In addition to the above mentioned acts, Santos had also reportedly executed 12 unauthorized sell transactions for municipal bonds and stocks in the individual and joint brokerage accounts in order to prepare for the wire transfers. Santos, according to the AWC, neither had discretion to trade in the accounts nor authorization (from his firm), yet he had received $256.69 in total commissions for such transactions. The AWC indicated that Santos had actually marked the order tickets as unsolicited when they were truly solicited. FINRA found this conduct to be violative of MSRB Rules G-8, G-18, and FINRA Rules 4511 and 2010.

By definition, a broker is liable for making unauthorized trades without the customer’s prior authorization. Absent written discretion, it is a violation of Section 10(b) of the Exchange Act, and Rule 10b-5, as promulgated thereunder, to effect transactions in customer accounts without their prior authorization or consent.

Customers also have a duty to review securities purchase and sale confirmations and review their securities accounts. If a stockbroker has placed unauthorized transactions in a customer account, the customer under most circumstances has a duty to act, or a duty to complain, or else generally, the customer may be deemed to have ratified these transactions, with actual or imputed knowledge, by doing nothing. Under such circumstances, a customer’s damages may be limited to the time they knew or should have known about the unauthorized transactions.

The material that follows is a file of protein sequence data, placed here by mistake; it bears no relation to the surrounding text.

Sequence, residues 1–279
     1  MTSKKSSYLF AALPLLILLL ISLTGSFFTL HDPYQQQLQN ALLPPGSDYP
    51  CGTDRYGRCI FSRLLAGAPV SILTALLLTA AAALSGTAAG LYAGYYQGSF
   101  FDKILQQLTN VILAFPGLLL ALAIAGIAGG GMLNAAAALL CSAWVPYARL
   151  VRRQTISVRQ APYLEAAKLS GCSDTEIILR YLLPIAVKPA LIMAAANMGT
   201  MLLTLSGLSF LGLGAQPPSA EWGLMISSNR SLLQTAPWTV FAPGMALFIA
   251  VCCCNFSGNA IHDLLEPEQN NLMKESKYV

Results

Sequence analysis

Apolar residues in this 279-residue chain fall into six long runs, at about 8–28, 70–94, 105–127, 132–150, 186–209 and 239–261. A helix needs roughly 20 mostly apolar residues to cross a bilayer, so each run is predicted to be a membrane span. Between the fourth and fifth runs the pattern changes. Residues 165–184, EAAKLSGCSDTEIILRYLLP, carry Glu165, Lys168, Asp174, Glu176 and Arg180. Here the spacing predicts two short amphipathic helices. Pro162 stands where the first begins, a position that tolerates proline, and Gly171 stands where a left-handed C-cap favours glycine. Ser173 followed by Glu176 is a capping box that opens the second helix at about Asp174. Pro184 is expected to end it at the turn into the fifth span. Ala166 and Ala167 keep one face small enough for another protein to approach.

However, the rules do not contemplate de facto discretion, or the acquiescence to a pattern of discretionary trading without a formal trading authority. It is an actionable violation of the rules and is generally indicative of other bad or wrongful conduct.

Guiliano Law Group

If you have been the victim of securities fraud and you have a complaint, you should consult with an attorney. The practice of Nicholas J. Guiliano, Esq., and The Guiliano Law Group, P.C., is limited to the representation of investors in claims for fraud in connection with the sale of securities, the sale or recommendation of excessively risky or unsuitable securities, breach of fiduciary duty, and the failure to supervise. We accept representation on a contingent fee basis, meaning there is no cost unless we make a recovery for you, and there is never any charge for a consultation or an evaluation of your claim. For more information contact us at (877) SEC-ATTY.